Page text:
Secondly, companies are reluctant to change auditors because of the cost involved in doing so. According to PricewaterhouseCoopers, estimated switching costs are steep – typically between £500,000 and £1 million.
“The expense involved in the tendering process, as well as the dislocation, cost and quality risk involved in bringing in a new auditor,” commented PricewaterhouseCoopers last year, means that “large companies do not choose to put their audit out to tender very frequently.”6 In the OFT’s view, however, the lack of proper tendering limits the ability of firms outside the “big four” to compete for audit contracts.
— Bias for Size & Reputation
Size and reputation are the two most important factors borne in mind by companies when appointing auditors. In their view, engaging a large audit firm with an established reputation is more likely to satisfy investors.
While, according to the OFT, there is little difference in reputation between the “big four” firms, there is a larger difference in reputation between the “big four” and mid-tier firms. In consequence, mid-tier auditors struggle to compete, even where they offer better value or higher quality work.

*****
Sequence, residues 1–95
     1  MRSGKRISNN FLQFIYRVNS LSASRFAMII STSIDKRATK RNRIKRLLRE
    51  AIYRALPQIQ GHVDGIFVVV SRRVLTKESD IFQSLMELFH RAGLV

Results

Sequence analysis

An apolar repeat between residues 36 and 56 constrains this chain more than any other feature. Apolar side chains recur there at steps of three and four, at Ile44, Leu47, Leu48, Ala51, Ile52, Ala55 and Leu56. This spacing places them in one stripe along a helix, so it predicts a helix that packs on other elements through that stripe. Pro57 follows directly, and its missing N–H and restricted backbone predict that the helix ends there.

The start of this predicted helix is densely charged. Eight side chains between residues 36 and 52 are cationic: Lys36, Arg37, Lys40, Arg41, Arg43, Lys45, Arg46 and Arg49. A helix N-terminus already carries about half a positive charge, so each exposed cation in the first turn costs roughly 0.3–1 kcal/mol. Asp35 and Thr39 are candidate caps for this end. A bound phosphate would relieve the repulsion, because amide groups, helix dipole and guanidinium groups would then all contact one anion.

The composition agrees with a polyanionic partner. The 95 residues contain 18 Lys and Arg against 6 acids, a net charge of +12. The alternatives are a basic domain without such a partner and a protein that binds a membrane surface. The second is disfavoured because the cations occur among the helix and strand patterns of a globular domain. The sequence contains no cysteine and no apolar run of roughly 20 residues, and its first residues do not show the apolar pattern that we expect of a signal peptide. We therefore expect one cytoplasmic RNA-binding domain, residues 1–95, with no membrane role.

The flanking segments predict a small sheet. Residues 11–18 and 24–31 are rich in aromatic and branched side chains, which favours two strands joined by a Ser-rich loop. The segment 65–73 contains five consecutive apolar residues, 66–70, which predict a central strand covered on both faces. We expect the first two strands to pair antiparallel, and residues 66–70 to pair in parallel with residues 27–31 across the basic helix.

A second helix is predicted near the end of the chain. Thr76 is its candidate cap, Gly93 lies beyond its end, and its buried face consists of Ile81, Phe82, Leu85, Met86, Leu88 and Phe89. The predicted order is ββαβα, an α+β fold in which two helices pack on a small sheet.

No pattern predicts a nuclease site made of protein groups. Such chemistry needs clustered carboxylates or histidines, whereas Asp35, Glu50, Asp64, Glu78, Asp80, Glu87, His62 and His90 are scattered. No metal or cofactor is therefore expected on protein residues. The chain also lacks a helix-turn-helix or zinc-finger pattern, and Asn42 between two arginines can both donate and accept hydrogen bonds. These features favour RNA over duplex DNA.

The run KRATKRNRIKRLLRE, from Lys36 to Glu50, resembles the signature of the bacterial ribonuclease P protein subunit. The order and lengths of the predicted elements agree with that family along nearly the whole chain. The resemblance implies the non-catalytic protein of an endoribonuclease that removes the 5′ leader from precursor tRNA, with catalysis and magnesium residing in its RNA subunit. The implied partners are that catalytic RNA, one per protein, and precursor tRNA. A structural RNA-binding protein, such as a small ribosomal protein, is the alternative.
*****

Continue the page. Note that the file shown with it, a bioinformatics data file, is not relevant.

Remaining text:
— Bigger & Better?
Larger firms, without a doubt, are better resourced for auditing larger companies. Owing to their size, they possess a number of attributes that their mid-tier counterparts find difficult to acquire, including: greater experience in auditing complex businesses; sector-specific experience; extensive and integrated international networks; greater familiarity with the latest regulatory developments achieved through close connections with the relevant standard-setting bodies; capacity to provide non-audit services; and, ability to recruit high calibre talent.
Larger audit firms argue that they have developed many of these attributes to meet their clients’ demands in an increasingly international market. Smaller firms, however, inevitably find it difficult to develop these qualities because of the difficulty encountered in securing large audit contracts in the first place.
— Raising Capital